2) Marius Grigonis might just be the answer Lithuania has been looking for as an elite guard. This is yet another game when he has played fantastic! He is a reliable scorer from three point land and can dribble penetrate well enough to keep the defense from guarding him too closely out there. He is now officially the starter, taking Renaldas Seibutis traditional spot. In my opinion this is going to work our nicely because Seibutis will help anchor the bench unit, providing a secondary ball handler to pair with Lekavičius, who at times can be stymied by bigger defenders. I seriously doubt a player who has been marinated in the Lithuanian system of “team first” basketball like Seibutis will have an ego problem about his demotion. I predict he will take to his new role very well and will be the utmost professional about it.

3) Eimantas Bendžius, Edgaras Ulanovas and Žygmantas Janavičius all should be cut for the final roster. Although Ulanovas had a better game tonight scoring five points, these points happened in garbage time, once the game had already been decided. For most of the game he was his usual non-impactful self, not scoring and committing fouls or turnovers. He’s not a terrible player, he is just very redundant for a team with massive forward depth already. Lithuania will be just fine without him. In his place, I feel as though Arnas Butkevičius should get the nod to be part of the National Team for the first time in his career . He is an effort player, and I believe there will be multiple chances throughout the tournament where he could just be the “x-factor”, or the unexpected secret to the team’s success. His memorable moment tonight was at the very end of the first half when he attacked the rim with just a couple of seconds to go. He finished with a bucket and a (made) free-throw so Lithuania could go into the locker room up by 8 points. Dainius will have to make this decision between the two , Arnas or Edgaras. It doesn’t appear that Eimantas Bendžius or Janavičius are potential dark horse candidates. He’s definitely got a tough decision ahead of him for sure because knowing Lithuanian basketball fans, he will probably get crucified either way.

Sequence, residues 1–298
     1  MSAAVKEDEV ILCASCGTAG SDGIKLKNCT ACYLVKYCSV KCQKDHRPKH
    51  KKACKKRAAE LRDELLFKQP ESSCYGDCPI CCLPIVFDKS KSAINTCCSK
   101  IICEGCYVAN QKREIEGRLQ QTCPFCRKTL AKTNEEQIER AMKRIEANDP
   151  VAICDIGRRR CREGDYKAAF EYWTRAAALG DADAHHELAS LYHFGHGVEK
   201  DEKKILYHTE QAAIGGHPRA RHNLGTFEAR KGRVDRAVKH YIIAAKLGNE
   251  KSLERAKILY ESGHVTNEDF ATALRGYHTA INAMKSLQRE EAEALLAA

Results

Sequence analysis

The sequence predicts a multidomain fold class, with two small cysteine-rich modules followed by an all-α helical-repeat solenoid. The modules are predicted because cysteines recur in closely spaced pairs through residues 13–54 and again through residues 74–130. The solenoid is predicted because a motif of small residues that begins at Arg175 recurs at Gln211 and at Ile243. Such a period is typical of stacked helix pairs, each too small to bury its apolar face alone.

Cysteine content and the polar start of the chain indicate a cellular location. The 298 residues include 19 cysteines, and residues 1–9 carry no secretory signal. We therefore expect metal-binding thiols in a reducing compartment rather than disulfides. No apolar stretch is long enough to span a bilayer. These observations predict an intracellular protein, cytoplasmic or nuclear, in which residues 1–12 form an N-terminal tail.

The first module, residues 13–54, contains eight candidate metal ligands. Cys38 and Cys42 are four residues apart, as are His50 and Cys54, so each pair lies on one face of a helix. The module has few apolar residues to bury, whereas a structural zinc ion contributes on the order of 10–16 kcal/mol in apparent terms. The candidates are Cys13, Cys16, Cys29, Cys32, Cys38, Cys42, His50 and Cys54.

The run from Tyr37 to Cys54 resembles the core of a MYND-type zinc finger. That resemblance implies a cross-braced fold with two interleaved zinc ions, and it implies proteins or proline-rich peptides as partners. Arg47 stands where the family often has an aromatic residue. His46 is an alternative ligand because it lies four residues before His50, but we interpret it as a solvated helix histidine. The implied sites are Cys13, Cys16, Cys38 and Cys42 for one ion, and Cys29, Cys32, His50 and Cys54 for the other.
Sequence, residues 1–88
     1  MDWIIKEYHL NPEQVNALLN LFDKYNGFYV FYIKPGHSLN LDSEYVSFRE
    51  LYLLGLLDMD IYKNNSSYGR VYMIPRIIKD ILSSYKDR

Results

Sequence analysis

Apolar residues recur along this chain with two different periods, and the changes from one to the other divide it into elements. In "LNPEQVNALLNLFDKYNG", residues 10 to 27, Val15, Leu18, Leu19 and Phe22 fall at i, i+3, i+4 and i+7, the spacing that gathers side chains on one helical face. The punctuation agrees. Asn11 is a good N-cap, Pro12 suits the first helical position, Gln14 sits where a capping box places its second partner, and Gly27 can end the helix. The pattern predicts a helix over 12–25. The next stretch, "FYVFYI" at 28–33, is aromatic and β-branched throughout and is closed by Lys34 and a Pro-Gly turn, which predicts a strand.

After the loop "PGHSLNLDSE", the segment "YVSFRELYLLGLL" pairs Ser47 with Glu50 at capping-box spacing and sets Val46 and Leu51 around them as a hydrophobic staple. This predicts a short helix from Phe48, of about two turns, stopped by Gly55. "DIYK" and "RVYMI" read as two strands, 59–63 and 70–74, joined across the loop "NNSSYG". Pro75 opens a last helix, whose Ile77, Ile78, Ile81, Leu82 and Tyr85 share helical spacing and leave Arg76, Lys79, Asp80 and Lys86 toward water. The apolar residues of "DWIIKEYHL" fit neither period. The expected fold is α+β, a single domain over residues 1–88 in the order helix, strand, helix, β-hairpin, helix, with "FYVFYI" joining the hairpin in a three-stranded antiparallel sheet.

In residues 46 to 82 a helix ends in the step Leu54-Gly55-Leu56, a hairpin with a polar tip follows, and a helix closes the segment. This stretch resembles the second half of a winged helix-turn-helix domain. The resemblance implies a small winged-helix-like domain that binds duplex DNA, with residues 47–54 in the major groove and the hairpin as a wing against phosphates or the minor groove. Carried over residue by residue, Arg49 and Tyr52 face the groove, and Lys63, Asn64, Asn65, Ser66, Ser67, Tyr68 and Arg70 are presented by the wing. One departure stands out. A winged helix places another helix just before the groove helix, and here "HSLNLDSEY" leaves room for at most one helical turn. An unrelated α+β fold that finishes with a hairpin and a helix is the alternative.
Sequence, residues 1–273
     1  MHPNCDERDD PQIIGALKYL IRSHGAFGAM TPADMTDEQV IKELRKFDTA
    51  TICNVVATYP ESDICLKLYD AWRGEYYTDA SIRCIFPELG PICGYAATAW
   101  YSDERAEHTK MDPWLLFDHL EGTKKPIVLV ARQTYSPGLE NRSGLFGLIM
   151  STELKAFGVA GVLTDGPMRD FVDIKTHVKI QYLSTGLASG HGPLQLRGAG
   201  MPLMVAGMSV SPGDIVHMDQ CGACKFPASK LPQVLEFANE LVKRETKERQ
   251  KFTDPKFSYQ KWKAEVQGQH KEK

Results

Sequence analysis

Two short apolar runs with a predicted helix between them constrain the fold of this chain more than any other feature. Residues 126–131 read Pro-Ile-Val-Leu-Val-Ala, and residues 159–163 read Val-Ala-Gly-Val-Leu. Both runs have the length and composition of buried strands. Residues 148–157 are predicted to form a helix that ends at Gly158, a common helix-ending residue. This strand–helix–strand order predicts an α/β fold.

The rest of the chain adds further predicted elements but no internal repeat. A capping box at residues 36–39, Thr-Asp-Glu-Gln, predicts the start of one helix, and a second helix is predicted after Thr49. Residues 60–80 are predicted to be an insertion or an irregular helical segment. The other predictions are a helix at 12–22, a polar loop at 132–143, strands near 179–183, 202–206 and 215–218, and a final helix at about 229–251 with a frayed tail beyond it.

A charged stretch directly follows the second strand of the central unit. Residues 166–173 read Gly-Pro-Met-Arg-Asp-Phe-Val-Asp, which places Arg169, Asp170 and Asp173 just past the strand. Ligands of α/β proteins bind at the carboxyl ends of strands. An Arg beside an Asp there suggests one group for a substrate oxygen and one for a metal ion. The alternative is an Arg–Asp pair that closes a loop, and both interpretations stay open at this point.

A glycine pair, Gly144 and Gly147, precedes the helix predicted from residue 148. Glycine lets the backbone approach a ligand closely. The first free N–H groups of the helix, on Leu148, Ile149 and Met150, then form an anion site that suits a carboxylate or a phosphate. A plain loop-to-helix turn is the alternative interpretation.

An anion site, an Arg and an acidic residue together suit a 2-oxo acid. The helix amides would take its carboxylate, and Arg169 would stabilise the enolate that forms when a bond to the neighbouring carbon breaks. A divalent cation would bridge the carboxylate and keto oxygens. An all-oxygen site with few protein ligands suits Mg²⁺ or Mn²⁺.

At the end of the day, no matter how many times you’ve watched the great Lithuanian documentary/drama ‘The Other Dream Team’, it still feels good to get a win against Russia! I know people shouldn’t mix politics and sport, but sometimes it’s difficult to rise above and separate the two. It’s just something if you’re a Lithuanian you shouldn’t do...drop a game, no matter how meaningless, to your arch-rival Russia!